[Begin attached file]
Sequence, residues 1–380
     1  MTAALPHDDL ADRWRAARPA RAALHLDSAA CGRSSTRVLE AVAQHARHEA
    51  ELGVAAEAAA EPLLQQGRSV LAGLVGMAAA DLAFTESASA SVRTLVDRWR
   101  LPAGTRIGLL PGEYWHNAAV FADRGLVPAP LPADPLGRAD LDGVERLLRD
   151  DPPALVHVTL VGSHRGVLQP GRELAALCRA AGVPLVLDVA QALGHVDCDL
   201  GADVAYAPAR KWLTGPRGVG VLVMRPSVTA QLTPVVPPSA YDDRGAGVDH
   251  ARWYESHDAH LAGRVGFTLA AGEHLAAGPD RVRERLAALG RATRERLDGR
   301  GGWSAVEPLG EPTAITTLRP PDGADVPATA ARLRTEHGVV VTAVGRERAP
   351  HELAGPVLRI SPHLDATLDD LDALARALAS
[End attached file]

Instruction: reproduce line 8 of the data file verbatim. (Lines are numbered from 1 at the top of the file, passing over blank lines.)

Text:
   301  GGWSAVEPLG EPTAITTLRP PDGADVPATA ARLRTEHGVV VTAVGRERAP